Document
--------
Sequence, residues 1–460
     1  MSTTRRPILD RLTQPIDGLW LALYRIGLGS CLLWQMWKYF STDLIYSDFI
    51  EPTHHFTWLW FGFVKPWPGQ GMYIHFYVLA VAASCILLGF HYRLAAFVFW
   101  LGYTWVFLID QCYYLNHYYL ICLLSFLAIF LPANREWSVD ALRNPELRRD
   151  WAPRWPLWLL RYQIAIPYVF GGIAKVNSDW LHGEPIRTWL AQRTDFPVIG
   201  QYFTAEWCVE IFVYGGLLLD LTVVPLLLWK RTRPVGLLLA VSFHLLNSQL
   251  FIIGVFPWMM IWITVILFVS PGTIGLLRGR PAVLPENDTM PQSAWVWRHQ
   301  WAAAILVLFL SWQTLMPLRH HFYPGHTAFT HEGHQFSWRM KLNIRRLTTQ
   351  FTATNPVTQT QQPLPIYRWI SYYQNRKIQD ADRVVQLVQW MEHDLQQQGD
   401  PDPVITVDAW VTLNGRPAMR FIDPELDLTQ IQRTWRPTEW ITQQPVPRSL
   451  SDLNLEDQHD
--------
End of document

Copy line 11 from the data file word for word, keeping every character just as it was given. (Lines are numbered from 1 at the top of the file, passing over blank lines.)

   451  SDLNLEDQHD